Sam smiles, a little. "Now you sound like Jess."
"My girlfriend at Stanford." Sam looks away. "She died. My fault."
"Your stories are always so cheerful," Jodie says.
Sam shrugs. "I'm bad luck."
Jodie opens the freezer and pokes around, pulling out a slab of meat. "If what Bobby said is true, you're the only reason there's a world left to save," Jodie says. "You gonna tell me Bobby lied?"
"Bobby 'FBI, federal marshal, CDC, et cetera, as appropriate' Singer, tell a lie? Never."
Jodie laughs, turning to a cabinet and pulling out her bread machine.
"It might be true," Sam allows. "I'm the only reason the world was in danger in the first place—"
"Now that I'm sure is bullshit," Jodie interrupts.
"It's true," Sam says. "When Dean was in hell, I was batshit crazy. After he came back, I wasn't much better. If I'd just listened to him when he said it wasn't worth getting revenge for him dying when he wasn't actually dead, none of this would have happened. No letting Lucifer out, no war in heaven, no letting Eve out, no letting leviathans out."
"So it's all your fault and you've got to fix it all, all by yourself?" Jodie says, turning on the tap and testing the water temperature with her wrist.
"Finally she gets it," Sam says.
"No, I don't believe I do," Jodie says, measuring out water. "And I don't believe you believe that, either. If you did, you wouldn't have come to me."
Sam opens his mouth, then closes it, unsure of what he could say.
Jodie turns off the water and puts down her measuring cup. "You have a lot more people in your corner than you think you do," she says. "You've saved a lot of lives, and some of them even know it. I bet every single person who remembers you saving her life will be ready and waiting to help you, and all you've got to do is ask."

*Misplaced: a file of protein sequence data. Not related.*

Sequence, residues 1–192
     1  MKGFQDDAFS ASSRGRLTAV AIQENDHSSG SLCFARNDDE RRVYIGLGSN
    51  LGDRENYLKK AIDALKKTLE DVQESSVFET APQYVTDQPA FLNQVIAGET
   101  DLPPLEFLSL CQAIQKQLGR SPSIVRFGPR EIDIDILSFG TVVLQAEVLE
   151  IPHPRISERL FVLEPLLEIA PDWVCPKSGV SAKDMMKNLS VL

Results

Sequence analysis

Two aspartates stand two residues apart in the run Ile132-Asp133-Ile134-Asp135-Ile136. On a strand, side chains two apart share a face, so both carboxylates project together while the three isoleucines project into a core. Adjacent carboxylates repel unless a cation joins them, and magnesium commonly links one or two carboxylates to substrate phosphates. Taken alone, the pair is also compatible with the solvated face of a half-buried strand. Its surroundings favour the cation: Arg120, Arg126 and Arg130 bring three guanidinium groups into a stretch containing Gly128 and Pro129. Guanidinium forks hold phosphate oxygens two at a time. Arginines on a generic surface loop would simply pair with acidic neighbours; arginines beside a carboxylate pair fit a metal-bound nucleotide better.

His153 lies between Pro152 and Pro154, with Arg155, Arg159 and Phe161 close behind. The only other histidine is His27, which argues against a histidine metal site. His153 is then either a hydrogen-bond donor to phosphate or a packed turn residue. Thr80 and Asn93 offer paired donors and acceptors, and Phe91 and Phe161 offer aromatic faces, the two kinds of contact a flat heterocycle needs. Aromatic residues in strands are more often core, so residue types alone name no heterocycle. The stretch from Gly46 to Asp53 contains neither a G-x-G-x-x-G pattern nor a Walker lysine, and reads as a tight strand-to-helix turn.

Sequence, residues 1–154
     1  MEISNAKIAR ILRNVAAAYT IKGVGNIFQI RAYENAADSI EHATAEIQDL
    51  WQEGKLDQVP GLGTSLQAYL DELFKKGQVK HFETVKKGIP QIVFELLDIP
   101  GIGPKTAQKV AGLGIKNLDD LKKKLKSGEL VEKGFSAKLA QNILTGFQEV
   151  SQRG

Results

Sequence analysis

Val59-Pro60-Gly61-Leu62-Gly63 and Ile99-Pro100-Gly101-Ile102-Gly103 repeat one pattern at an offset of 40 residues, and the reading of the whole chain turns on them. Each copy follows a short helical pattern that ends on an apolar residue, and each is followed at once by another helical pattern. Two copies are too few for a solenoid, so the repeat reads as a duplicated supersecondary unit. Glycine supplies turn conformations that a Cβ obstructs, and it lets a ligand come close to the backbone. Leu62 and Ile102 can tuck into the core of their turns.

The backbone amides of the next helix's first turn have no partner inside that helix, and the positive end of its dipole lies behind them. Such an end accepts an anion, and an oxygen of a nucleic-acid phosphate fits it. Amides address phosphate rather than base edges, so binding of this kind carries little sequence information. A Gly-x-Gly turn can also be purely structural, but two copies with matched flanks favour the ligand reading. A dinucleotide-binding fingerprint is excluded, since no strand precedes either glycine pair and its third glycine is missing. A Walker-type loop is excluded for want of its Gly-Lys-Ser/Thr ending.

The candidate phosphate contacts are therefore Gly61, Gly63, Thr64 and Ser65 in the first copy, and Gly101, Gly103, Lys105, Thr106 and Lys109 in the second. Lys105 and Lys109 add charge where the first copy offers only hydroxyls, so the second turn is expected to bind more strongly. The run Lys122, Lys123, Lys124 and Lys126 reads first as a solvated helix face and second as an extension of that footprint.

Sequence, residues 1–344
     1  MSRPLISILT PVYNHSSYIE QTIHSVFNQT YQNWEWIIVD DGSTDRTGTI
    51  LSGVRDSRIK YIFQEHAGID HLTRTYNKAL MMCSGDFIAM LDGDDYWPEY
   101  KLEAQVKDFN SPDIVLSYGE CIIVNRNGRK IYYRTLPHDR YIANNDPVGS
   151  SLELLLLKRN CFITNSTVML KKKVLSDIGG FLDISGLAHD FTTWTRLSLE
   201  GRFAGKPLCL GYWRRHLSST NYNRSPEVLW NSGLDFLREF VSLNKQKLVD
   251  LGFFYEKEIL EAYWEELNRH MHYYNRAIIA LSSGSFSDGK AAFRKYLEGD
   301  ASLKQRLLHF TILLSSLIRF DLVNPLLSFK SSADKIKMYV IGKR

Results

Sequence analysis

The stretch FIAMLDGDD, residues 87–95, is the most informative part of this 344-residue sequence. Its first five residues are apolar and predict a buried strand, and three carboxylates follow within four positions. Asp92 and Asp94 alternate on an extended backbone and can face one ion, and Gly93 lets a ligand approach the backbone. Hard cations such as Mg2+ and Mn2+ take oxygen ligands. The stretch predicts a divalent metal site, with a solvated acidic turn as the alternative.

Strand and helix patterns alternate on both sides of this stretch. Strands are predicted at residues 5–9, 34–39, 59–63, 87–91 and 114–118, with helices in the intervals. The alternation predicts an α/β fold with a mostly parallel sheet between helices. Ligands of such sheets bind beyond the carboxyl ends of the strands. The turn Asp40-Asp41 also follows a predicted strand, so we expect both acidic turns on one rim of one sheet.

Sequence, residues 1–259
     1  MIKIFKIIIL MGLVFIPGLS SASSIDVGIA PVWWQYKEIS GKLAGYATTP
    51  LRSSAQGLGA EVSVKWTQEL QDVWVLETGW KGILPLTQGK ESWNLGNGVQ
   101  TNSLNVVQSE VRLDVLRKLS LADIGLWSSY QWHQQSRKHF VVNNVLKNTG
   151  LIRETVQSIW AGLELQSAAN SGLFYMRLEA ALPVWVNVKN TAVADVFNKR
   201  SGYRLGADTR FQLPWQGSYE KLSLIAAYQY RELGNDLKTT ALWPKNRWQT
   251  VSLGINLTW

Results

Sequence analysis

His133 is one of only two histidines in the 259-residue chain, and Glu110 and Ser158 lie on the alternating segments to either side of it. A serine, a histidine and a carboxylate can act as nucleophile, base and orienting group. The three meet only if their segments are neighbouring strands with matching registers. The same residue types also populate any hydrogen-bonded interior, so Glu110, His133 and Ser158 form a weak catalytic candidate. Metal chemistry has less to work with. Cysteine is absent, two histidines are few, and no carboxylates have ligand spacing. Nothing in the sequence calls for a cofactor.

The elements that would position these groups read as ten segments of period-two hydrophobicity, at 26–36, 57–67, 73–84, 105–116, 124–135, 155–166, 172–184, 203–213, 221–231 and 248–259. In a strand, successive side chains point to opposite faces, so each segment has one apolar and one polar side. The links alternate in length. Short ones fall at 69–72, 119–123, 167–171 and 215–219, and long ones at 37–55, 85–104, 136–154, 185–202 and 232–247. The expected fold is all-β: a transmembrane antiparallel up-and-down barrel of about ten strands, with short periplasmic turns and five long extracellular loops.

Sam nods slowly. "If I do have all these people with me—I'm not saying I do, but if—I could get them to—spread the word about organic food, I guess? Keep people as safe as I can while hunters take on the leviathans?"
"And maybe, just maybe, there's a way to put them all back in purgatory, where you said they came out of," Jodie says. She pours the water into the bread machine insert and cracks an egg into a small bowl.
"Tried that," Sam says. "Twice. The first time they didn't go. The second time Dean and Castiel went with him. I am not sacrificing a few hundred hunters to take down a few hundred leviathans unless there's absolutely no other way, and even if that is the only way, we'd have to make a few hundred more weapons—did I mention there's only one angel left alive and he's in purgatory?"
"I'm going to assume there's a logical connection there," Jodie says. She pours the beaten egg into the bread machine insert and goes into the refrigerator for a butter stick.